My History of Philosophy class introduces students to the story of Western philosophy all the way from the pre-Socratic philosophers to the 20th Century. In this course I chronologically explain the major ideas and relevance of the major philosophical schools and figures from each major period in the history of Western Philosophy, overviewing an entire period or tradition each week. While there is ample room for students to discuss their philosophical responses to the ideas being covered, this is generally the class I teach which is heaviest on lecture time as there is a great quantity of factual material to explain in a short period of time.
We overview Ancient Greek and Hellenistic Philosophy (the Pre-Socratics, Socrates, Plato, Aristotle, the Stoics, the Cynics, the Epicureans), Medieval Philosophy (Augustine, Anselm, Aquinas, and the Scholastics), Modern Philosophy (the Rationalists, Descartes, Spinoza, and Leibniz, and the Empiricists Locke, Berkeley, and Hume), Kant, 19th Century German Idealists (Fichte and Hegel) and the 19th Century European proto-existentialist reactions against them (Marx, Feuerbach, Kierkegaard, Dostoyevsky, and Nietzsche).
Then finally we address the diverse explosion of movements in 20th Century Philosophy. Students are given a familiarizing overview of the rise of Analytic Philosophy (Russell, Wittgenstein, Frege, Logical Positivism, Ordinary Language Philosophy, Modal Logic, and the division of philosophy into new subfields like Metaethics, Philosophy of Religion, Philosophy of Science, etc.), Pragmatism (Peirce, James, Dewey, Rorty), Process Philosophy (Whitehead), Phenomenology (Husserl, Heidegger, Merleau-Ponty, Levinas), Existentialism (Sartre, Camus, Buber, Barth), Structuralism (Saussure and Lacan), Hermeneutics (Gadamer), Feminism (de Beauvoir, Irigaray), Postmodernism (Derrida’s Deconstruction and Foucault’s Post-Structuralism), and Post-World War II Political Philosophy (Rawls, Nozick, Walzer, Arendt). There is no university credit for taking this course.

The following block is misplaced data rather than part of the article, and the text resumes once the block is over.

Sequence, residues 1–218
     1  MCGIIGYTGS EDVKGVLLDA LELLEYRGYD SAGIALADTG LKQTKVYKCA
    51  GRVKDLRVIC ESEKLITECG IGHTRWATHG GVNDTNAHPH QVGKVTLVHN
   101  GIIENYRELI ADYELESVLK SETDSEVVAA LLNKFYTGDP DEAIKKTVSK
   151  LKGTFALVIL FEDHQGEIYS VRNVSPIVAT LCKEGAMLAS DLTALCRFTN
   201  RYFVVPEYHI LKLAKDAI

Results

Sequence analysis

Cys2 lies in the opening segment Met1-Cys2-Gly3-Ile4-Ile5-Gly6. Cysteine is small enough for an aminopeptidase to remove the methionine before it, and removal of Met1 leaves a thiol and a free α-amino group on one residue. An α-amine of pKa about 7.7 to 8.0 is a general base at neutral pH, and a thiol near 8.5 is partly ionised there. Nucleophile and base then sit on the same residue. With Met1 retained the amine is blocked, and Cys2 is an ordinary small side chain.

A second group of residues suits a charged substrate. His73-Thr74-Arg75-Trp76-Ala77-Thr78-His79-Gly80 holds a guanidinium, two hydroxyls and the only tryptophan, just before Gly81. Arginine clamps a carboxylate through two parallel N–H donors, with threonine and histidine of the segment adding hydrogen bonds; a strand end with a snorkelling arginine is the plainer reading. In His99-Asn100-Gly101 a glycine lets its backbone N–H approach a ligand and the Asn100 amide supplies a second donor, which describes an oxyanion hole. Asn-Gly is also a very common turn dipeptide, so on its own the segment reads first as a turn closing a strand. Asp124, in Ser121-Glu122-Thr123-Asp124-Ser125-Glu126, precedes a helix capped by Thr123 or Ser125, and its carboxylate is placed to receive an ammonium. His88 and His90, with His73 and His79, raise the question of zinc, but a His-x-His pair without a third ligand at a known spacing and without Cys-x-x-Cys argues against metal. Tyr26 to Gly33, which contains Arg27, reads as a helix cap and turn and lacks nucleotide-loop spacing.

Here are the History of Philosophy classes starting in September 2014:
All it takes to sign up is to click on the link for the section of class that you want to take, then select and purchase a pass for it. The chart below explains the price options. Your time in a class lasts 8, 16, or more weeks depending on which pass you buy (see chart below) and how long you want to stay in that class before trying another. If you don’t see a time that fits your needs or if you have any more questions feel free to e-mail me at firstname.lastname@example.org. For more details on how my classes work in general, please see the FAQ. For more about me, see this page. If you would like to schedule a 1-on-1 class session with me (or regular ones), e-mail me and we can make an appointment and you can purchase a Bronze Pass.
*There is no university credit for taking these classes.
After a short trial period (1 session for a Silver Pass or 2 sessions for a Platinum or Gold Pass) you can withdraw from my classes and receive a refund of your unused balance minus a service fee. After the trial period there are no refunds.
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